Discussing… Ira Levin’s A Kiss Before Dying

It has been another slow week reading. I have a stack of books I have started but can’t seem to muster the will to finish – always frustrating!

To get over the rut I decided to take a break and instead revisit a favorite work, Ira Levin’s classic debut novel A Kiss Before Dying.

I previously reviewed the book on the blog. Since writing that post I have seen the 1955 film adaptation and so a part of the video discusses what I think of that adaptation and why I believe you should read the book first.

What do you think of A Kiss Before Dying?

7 thoughts on “Discussing… Ira Levin’s A Kiss Before Dying

  1. It’s a stone cold classic.

    But, what are the books you are getting stuck on? That seems like an interesting topic of discussion, books I could not finish. Obviously only interesting if the books have a reputation or were recommended by someone sane.

    My recent examples
    Blood Meridian by Cormac McCarthy
    – I read No Country For Old Men and thought it a bit pretentious in style. This too. But in particular the lack of quotation marks. Struck off the list.

    Hog’s Back Mystery, Crofts
    – wooden prose, and a general lack of vividness. Might try it again.

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    1. Some of it is mood, some attention span.

      I tried Death in the Aisle by the Lockridges and found it hard going. Unimaginative setup, bland mystery and nothing to really grab hold of. Miss Pinkerton simply didn’t match my mood – I will probably give that another go soon.

      Boucher’s Rocket to the Morgue interested me but I feel it isn’t the sort of book I can pick up and put down. It demands an attention that my work schedule isn’t allowing at the moment.

      There are a few others but suddenly I made a bit of progress with one today so it seems the dose of Levin did the trick.

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  2. I was hoping for some actual discussion of A Kiss Before Dying in the comments! I remember buying and reading the paperback in the 70s (like many others at that time, wondering “What else has the author of Rosemary’s Baby written?” and his publishers were quite rightly capitalizing on that). I especially remember the shift in the middle part, watching out for the killer, and realizing — oh, I don’t know his name! Very artfully done, to conceal it for so long without that fact stocking out.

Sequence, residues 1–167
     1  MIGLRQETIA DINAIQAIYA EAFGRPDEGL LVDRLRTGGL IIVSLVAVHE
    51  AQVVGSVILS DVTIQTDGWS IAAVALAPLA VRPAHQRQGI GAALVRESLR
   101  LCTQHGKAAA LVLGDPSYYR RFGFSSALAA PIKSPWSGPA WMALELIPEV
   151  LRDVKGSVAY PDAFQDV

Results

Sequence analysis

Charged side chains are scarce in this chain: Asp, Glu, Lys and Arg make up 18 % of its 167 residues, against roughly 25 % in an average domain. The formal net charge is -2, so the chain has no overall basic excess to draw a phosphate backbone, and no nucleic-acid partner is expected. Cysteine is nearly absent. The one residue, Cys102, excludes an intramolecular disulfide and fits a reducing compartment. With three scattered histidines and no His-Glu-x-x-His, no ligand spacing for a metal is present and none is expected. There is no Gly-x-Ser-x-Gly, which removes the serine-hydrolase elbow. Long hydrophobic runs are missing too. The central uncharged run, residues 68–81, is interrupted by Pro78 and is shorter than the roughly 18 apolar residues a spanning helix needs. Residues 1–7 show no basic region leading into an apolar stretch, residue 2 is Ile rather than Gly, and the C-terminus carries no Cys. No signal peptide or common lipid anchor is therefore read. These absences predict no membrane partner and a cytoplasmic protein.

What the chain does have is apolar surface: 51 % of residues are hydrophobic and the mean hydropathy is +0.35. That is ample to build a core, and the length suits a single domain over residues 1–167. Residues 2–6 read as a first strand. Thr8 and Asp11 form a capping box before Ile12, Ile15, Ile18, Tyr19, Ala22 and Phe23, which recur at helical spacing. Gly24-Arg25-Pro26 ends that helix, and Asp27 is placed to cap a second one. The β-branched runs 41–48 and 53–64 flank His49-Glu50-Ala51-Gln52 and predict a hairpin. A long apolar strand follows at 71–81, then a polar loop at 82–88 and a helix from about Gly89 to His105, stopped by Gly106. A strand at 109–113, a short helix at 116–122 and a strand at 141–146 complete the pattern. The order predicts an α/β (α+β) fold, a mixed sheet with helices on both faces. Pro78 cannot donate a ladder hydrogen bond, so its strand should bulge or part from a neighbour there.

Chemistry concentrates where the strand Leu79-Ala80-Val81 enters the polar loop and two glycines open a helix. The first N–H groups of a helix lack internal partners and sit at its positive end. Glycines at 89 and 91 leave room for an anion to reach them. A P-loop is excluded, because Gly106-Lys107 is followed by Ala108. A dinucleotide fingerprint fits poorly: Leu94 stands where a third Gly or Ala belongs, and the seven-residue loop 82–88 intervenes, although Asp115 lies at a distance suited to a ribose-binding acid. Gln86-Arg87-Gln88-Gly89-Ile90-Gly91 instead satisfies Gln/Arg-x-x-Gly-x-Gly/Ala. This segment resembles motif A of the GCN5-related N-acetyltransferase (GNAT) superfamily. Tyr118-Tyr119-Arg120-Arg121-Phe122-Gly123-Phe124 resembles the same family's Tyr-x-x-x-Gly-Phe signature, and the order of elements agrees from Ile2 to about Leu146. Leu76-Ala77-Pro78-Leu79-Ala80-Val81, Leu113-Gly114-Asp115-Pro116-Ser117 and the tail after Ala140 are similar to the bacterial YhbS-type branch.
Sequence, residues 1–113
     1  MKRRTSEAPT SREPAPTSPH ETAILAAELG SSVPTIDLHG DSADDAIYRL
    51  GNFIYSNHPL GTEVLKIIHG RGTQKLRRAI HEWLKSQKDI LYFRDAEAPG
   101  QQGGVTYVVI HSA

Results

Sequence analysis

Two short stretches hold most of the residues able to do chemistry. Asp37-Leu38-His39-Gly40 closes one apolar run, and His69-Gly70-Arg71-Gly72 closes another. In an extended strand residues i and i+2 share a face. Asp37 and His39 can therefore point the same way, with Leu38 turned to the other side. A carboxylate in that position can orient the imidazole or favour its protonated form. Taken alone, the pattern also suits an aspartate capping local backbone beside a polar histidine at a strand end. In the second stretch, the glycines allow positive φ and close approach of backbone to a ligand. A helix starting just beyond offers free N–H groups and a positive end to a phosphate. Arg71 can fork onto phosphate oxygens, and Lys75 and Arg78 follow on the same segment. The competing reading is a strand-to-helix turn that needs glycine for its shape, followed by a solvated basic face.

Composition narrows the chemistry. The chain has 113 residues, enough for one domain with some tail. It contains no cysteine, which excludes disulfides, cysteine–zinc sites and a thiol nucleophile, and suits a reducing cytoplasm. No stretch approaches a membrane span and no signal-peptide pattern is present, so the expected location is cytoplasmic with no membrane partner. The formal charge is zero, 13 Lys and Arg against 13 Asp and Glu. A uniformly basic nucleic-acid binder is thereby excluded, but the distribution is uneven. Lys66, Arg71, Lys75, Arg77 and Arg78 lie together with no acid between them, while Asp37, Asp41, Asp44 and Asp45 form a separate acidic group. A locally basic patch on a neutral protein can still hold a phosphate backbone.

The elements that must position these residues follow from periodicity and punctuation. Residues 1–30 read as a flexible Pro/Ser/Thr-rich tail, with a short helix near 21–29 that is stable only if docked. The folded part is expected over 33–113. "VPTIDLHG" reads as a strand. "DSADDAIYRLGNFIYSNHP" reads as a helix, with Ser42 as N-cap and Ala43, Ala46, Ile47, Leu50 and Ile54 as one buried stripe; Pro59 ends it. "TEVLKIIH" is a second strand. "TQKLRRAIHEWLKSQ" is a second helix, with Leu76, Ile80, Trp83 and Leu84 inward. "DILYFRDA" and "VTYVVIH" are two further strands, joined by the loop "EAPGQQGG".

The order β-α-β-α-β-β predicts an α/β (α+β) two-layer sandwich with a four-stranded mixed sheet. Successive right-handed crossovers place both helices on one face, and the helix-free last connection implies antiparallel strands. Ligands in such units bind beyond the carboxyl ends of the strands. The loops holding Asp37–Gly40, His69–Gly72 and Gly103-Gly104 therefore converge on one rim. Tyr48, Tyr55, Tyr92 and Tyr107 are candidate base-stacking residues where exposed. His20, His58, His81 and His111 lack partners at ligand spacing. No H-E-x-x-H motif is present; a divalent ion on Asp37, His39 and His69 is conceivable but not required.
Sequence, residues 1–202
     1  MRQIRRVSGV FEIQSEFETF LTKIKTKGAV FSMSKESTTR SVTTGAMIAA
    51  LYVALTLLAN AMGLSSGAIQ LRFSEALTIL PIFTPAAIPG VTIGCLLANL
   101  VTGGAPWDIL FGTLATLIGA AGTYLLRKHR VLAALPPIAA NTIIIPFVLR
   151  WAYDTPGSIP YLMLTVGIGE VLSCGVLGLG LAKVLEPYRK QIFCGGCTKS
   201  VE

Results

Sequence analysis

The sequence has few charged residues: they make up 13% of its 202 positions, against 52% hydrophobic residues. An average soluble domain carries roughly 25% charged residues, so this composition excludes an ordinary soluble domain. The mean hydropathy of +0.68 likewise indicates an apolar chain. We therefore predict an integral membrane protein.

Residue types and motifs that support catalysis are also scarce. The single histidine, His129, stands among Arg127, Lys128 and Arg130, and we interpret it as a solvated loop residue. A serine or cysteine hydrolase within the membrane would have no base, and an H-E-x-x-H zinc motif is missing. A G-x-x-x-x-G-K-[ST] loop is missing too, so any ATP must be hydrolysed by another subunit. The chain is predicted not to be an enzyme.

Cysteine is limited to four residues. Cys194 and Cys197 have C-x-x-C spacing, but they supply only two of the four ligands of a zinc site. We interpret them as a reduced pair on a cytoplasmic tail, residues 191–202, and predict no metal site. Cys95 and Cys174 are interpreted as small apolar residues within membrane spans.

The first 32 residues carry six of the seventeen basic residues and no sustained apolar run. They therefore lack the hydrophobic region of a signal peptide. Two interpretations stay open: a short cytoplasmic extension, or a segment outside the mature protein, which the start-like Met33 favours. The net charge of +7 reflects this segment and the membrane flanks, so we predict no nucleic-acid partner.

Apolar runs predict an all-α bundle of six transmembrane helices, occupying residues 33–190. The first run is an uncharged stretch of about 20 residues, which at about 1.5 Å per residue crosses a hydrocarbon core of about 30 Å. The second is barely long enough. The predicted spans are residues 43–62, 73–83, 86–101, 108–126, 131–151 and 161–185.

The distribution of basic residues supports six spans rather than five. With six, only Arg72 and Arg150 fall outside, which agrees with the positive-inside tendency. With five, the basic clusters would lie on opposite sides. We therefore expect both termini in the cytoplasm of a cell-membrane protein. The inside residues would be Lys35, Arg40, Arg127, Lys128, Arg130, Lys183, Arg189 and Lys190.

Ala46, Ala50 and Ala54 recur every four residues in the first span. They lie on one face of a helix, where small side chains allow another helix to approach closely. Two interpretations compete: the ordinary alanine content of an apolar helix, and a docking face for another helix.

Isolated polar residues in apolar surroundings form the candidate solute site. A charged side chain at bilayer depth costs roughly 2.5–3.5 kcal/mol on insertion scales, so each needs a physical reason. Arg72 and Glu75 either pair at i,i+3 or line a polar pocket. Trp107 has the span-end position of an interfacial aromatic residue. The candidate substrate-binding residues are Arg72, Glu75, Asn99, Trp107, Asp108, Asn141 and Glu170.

And I saw that it had been filmed, and I wondered how that was possible. Now, just in the last couple of years, I’ve seen that first one, and know how. Not satisfyingly, is the answer. Aside from the losses that come with dramatization, it’s really just not very good. Even Joanne Woodward is not what she later became. I’ll give Robert Wagner credit for using his pretty-boy-movie-star image here very effectively and appropriately. But as a whole, it just doesn’t come to life. And you’re 100% right, when one sees the movie first in a case like this, one’s reading of the book afterward is inevitably poisoned.

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    1. Brad at Ah Sweet Mystery did a great post a while ago discussing Levin’s entire body of work. I think it is striking how willing he was to do something different each time. I wish there were more mysteries in his ouevre, particularly given how he nails this one!

      I have been surprised plenty of times when reading but that revelation is perhaps the only time I can ever recall gasping out loud when reading. The way he avoids revealing it is clever. I love the way he basically sets the reader up to feel they are ahead of the story and that they have spotted a big clue while hiding something even more significant in the background. Wonderful misdirection!

      I would say that for all the inadequacies, the 55 is far better than the more modern adaptation. As you say though it doesn’t come to life, although I do think it nails the moment of that first murder.

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  3. I’ll have to look up that Ah Sweet Mystery post. It’s very true how he did something different each time. And even (in my opinion) an unsuccessful effort like The Stepford Wives (the book always seemed like an outline for a book yet to be written, and neither movie works) still gave a new phrase to the language.

    His next-best work in the suspense genre, I think, is the play Deathtrap. (Not the movie, though it’s not without merit.) It’s a little masterpiece of what we would now call “meta,” constantly turning what we see into a fictional construction, and then vanishing up its own tail at the end. Unfortunately it’s become dated in a particular way that makes it unlikely to revive except as an extreme period piece. (And, for a change, because society has gotten better in certain respects.)

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    1. I haven’t seen Deathtrap but I will have to look to see if I can acquire the script given it is unlikely to be performed near me anytime soon. I quite enjoy when things go meta so it sounds promising.

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      1. It’s not hard to find, it’s been published in both trade and acting editions. I have a fatal soft spot for the meta myself.

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